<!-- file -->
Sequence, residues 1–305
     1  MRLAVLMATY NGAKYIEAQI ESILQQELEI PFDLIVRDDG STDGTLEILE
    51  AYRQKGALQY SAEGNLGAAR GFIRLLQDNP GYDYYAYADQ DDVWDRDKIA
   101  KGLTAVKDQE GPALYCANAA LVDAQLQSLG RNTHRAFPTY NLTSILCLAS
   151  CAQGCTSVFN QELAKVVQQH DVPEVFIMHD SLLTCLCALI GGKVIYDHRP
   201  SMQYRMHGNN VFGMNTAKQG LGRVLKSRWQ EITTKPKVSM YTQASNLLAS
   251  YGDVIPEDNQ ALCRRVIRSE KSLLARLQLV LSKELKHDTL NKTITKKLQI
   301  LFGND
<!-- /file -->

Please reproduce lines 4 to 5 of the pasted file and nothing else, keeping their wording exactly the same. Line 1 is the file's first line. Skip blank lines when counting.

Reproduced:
   101  KGLTAVKDQE GPALYCANAA LVDAQLQSLG RNTHRAFPTY NLTSILCLAS
   151  CAQGCTSVFN QELAKVVQQH DVPEVFIMHD SLLTCLCALI GGKVIYDHRP